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Netanyahu and self-consciousness

May 22, 2012

The brief window of time during which a rainbow passes across the kitchen counter while I eat breakfast isn’t long enough to read an entire feature-length magazine article. But between Monday and today, I slowly worked my way through the latest issue of TIME magazine’s cover story on Benjamin Netanyahu.

Here’s Bibi with the rainbow:

TIME magazine cover featuring Benjamin Netanyahu

I don’t read much American media coverage of Israel apart from catching headlines from the New York Times and reading about big stories to get additional perspective. For day to day stuff, I prefer to stick to Israeli papers for Israeli news. While not earth-shattering or particularly enlightening for people who regularly keep up with what’s happening in Israel, this magazine article was informative and relatively neutral. If you’re interested in a concise, general overview of the complexity of Israeli demographics and domestic politics, it’s especially relevant.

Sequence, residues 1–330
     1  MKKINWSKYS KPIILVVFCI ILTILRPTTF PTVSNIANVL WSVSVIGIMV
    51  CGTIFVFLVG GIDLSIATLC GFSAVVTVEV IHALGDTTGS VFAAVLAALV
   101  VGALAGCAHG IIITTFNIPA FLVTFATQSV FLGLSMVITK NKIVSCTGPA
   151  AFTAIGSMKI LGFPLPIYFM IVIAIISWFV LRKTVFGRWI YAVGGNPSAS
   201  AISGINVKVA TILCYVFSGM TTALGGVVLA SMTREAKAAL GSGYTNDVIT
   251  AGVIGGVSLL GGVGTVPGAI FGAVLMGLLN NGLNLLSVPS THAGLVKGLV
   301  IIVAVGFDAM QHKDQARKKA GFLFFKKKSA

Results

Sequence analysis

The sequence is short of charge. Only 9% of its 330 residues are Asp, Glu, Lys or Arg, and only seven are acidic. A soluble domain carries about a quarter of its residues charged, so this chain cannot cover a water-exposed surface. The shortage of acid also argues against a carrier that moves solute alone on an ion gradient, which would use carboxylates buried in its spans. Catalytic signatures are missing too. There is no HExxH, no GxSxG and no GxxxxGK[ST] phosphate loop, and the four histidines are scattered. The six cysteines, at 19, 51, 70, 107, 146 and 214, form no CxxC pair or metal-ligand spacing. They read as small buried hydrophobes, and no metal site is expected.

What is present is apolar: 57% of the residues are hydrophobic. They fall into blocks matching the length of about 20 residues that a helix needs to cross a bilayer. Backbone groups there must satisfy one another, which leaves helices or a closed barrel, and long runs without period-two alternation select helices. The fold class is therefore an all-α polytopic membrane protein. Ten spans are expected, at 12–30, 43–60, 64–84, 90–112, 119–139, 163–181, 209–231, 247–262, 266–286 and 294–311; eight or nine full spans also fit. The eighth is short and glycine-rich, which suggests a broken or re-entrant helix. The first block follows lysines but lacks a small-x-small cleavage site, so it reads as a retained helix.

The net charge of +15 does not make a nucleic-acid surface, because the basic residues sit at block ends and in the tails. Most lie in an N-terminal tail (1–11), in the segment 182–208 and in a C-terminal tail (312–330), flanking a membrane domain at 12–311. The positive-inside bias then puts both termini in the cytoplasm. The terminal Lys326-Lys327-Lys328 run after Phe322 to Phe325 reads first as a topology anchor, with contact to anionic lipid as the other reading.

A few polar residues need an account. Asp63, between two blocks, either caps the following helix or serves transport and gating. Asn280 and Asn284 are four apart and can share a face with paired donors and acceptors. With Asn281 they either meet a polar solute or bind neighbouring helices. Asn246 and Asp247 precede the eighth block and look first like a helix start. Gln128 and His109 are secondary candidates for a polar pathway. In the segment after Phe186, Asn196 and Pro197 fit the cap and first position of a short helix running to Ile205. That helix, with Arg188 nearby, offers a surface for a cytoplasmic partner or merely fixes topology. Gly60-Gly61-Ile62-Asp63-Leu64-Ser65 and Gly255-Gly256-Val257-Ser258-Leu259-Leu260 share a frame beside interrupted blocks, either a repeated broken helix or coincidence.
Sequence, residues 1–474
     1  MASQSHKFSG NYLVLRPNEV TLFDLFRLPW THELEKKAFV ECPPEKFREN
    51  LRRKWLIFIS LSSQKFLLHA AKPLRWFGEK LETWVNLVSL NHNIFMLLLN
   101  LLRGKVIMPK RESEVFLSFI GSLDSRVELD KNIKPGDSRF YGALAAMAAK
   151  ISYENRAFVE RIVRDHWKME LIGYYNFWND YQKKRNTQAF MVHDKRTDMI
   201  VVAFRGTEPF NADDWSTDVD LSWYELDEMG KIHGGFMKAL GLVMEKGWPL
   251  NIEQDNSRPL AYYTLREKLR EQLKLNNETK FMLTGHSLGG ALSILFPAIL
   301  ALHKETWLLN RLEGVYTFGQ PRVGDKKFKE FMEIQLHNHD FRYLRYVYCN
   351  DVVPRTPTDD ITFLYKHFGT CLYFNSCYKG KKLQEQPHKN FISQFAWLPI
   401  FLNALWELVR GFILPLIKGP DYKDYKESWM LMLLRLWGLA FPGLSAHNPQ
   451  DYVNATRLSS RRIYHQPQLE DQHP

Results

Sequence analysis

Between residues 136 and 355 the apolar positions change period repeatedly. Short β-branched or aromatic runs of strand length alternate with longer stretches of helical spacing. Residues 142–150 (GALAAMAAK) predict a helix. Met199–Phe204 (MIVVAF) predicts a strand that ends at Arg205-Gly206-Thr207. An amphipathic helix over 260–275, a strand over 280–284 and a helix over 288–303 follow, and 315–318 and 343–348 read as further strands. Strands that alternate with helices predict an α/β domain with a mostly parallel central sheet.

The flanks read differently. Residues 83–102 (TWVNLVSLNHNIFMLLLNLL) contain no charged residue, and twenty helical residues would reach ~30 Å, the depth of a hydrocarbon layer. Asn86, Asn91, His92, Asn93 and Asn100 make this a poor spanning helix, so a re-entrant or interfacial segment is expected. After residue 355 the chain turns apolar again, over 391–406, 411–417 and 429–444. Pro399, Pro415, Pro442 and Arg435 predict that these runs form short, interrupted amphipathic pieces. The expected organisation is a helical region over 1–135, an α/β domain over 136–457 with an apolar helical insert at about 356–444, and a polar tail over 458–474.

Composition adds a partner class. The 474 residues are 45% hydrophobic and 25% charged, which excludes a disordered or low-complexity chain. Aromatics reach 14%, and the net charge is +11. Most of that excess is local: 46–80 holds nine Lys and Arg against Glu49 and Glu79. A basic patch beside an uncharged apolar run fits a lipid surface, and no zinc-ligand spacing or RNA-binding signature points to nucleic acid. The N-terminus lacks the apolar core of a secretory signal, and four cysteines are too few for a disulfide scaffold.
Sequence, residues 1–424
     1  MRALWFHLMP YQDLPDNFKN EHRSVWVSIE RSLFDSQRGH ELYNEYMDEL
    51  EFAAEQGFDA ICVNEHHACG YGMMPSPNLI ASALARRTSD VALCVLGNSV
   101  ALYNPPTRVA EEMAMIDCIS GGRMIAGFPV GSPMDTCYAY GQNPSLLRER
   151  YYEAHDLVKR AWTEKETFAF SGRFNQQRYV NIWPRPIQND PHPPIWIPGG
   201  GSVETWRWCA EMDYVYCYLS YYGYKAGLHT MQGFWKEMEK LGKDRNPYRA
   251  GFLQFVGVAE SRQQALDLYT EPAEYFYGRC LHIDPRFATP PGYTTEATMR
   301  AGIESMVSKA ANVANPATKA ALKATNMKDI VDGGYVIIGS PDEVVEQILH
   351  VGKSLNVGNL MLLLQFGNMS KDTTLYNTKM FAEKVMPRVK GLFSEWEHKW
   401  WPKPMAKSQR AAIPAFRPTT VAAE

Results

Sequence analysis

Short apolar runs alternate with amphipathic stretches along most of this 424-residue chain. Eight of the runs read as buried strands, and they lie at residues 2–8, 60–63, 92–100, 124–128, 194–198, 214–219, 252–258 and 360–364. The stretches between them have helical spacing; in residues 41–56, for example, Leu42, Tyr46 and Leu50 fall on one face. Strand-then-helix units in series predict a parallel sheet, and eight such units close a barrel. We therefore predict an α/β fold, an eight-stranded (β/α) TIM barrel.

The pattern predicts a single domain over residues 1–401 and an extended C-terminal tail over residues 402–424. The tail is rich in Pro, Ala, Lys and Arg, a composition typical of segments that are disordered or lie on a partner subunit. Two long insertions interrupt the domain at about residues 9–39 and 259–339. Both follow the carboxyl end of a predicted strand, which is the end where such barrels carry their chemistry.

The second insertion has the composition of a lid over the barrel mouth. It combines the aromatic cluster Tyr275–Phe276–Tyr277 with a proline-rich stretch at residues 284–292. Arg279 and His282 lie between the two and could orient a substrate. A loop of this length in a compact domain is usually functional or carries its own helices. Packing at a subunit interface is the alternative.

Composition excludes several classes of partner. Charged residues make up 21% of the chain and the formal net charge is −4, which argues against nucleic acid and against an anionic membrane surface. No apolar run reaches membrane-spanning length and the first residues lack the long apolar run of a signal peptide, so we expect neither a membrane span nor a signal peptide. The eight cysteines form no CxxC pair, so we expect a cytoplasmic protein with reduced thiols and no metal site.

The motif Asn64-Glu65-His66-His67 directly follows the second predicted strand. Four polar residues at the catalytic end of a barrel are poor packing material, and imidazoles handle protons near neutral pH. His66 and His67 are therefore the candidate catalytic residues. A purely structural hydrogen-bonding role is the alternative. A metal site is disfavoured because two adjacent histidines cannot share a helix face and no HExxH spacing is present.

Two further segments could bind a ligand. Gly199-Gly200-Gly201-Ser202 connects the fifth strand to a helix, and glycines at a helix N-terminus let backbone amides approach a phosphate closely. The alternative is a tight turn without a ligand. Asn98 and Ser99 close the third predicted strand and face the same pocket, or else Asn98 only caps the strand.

Rather than discuss said politics, I’d rather share what crossed my mind as I was reading about Netanyahu’s take on the peace process. The article reminded me of the handful of times I’ve come to an impasse during political discussions with Israelis over what to call President Mahmoud Abbas. Like most Americans, I call him Abbas. Israelis call him Abu Mazen, as does most everyone else in the Middle East. I feel awkward calling him Abu Mazen when he comes up in conversation with Israelis, the same way I feel awkward when a British person asks “Where’s your flat?” and I answer with either “My… flat… is nearby” or “My HOUSE [emphasis and self-consciousness mine and mine alone] is over there.” But for the sake of communication, I try not to feel like a complete idiot when superficially adopting the lingo of whomever I’m speaking to without giving the impression that I don’t recognize how silly it is to say “flat” when I’m an American who’s never lived in the U.K. or how disingenuous it is to say “Abu Mazen” when I’m not even allowed to have an Israeli passport.

And then once again, the rainbow dropped off the edge of the counter and it was time to get back to work.

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